When you buy shares of stock, there are two ways you can make money. You can sell those shares at a price that's higher than what you paid for them, or you can hold those shares and collect dividends.

Similarly, dual-purpose funds offer investors two ways to make money. A dual-purpose fund is a closed-end fund that offers two classes of stock: common shares and preferred shares. Those who hold shares of a dual-purpose fund's common stock can make money from capital gains, while holders of preferred stock receive income from dividends and interest.

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Closed-end funds

A dual-purpose fund is actually a type of closed-end fund. Closed-end funds are publicly traded funds that raise capital by issuing a fixed number of shares through an initial public offering (IPO). The fund is then structured and listed on a public exchange, but unlike regular shares of stock, shares of a closed-end fund represent an interest in a specific portfolio of investments that is actively managed by an investment advisor. The price per share of a closed-end fund can fluctuate based on market conditions and the changing value of the securities held by the fund.

How dual-purpose funds work

Dual-purpose funds offer investors two share classes to choose from, each of which comes with a different opportunity to profit. A dual-purpose fund's preferred shares, or income shares, entitle holders to dividend and interest income, while its common shares, or capital shares, entitle holders to capital gains based on the value of the fund. Though preferred shares produce a steady income stream for investors, they aren't subject to capital appreciation. Common shares, meanwhile, offer less reliable but potentially greater gains.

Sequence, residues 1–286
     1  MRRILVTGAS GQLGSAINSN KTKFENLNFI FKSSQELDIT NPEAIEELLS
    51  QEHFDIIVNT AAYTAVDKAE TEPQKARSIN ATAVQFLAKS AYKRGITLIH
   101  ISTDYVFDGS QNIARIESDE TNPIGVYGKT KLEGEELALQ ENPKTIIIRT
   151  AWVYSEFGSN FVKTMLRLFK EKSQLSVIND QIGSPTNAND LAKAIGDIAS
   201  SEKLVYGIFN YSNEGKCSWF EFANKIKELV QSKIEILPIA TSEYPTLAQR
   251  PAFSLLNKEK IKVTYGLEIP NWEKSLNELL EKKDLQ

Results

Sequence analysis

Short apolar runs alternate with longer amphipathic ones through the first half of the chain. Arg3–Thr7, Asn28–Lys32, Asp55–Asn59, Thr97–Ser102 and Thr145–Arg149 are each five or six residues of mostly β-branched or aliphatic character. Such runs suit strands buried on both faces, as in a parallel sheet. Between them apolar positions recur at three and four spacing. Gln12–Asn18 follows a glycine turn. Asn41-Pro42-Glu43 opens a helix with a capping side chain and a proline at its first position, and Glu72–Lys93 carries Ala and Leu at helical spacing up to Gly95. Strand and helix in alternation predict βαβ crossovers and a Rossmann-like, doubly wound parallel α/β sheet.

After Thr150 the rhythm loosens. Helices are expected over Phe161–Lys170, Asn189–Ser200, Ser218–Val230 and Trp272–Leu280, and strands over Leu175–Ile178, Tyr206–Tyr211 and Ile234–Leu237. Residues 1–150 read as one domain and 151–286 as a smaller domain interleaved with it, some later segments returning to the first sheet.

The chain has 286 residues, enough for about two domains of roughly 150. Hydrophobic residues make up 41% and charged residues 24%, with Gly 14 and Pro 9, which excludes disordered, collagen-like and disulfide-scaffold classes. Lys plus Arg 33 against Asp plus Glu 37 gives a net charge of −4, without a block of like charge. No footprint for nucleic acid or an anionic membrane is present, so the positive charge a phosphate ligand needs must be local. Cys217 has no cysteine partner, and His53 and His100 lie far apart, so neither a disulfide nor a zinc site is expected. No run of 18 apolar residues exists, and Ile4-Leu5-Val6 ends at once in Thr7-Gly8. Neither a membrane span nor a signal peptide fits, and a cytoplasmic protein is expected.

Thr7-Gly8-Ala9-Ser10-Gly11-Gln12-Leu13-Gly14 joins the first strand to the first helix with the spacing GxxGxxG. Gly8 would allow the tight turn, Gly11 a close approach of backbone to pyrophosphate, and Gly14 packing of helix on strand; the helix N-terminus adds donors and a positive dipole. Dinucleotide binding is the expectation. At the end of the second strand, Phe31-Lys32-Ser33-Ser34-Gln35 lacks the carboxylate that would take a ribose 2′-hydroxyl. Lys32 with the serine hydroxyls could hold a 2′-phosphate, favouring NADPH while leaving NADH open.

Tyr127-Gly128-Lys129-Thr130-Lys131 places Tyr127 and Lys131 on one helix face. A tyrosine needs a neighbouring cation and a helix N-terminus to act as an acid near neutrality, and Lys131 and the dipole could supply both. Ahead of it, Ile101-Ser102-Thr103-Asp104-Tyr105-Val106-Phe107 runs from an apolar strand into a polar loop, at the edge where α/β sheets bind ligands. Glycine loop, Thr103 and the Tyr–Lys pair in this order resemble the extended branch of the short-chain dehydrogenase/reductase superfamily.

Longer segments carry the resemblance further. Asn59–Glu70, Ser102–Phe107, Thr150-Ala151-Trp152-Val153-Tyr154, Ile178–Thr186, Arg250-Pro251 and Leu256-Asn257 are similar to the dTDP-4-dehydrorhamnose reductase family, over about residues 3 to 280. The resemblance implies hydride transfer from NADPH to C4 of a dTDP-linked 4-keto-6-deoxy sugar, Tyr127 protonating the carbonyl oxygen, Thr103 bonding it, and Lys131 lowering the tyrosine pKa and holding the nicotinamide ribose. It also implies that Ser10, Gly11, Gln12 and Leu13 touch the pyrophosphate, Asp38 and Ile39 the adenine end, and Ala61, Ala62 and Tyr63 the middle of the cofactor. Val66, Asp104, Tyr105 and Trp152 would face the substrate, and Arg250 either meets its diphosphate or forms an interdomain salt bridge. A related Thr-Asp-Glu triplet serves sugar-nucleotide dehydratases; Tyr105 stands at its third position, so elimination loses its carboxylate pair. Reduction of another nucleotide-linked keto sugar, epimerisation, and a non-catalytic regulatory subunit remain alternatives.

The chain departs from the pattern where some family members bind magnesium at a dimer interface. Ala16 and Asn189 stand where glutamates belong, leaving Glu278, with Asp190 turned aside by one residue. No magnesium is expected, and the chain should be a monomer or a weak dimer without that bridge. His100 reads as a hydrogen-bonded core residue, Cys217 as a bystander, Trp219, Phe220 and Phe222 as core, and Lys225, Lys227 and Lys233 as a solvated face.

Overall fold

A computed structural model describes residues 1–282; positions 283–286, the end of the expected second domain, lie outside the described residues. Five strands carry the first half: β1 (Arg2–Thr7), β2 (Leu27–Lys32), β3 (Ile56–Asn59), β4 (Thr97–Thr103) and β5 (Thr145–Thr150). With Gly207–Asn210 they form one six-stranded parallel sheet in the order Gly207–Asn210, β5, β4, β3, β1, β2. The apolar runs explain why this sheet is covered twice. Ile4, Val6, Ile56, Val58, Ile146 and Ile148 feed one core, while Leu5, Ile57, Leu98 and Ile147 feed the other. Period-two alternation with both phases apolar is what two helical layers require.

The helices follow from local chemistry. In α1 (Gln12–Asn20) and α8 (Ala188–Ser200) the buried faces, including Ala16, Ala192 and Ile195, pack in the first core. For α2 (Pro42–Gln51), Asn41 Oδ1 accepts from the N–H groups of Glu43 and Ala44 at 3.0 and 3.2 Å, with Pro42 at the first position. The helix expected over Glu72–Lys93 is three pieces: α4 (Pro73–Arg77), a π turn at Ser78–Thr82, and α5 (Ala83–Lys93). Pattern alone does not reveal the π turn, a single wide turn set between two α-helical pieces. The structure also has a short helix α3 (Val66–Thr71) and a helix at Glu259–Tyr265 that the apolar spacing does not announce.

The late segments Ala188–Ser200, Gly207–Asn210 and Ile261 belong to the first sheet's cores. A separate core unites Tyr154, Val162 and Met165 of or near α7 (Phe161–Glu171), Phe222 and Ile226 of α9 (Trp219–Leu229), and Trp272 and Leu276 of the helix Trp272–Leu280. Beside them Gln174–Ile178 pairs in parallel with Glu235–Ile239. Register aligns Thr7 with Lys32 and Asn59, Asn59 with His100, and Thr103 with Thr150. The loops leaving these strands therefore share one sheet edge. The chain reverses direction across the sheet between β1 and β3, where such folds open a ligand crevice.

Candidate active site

When a dual-purpose fund is established, a liquidation date is set for shares to be redeemed at a specific price. On that date, preferred shareholders get priority in terms of payouts, and they're eligible to receive up to the par value, or face value, of their shares. Any remaining capital left over from the fund is then distributed to common shareholders.

Benefits of dual-purpose funds

Because dual-purpose funds traditionally offered investors two different opportunities to make money within the same investment, those who bought shares of these funds could choose the share classes that were suited toward their investment objectives and respective tolerances for risk. Preferred shares, or income shares, tended to attract investors looking to take on less risk, while common shares, or capital shares, typically appealed to the more risk-tolerant. If a dual-purpose fund's portfolio increased in value, then holders of its capital shares had an opportunity to profit nicely. On the other hand, if the value of a dual-purpose fund's portfolio dropped, holders of capital shares stood to lose money. 

Investing in dual-purpose funds

Dual-purpose funds lost popularity in the late 1980s when new IRS rules made them a less attractive investment option. The last few of these funds were scheduled to wrap up in the late 1990s. These days, investors still have their pick of ordinary mutual funds to choose from, many of which offer ample opportunity for meeting investment objectives. 

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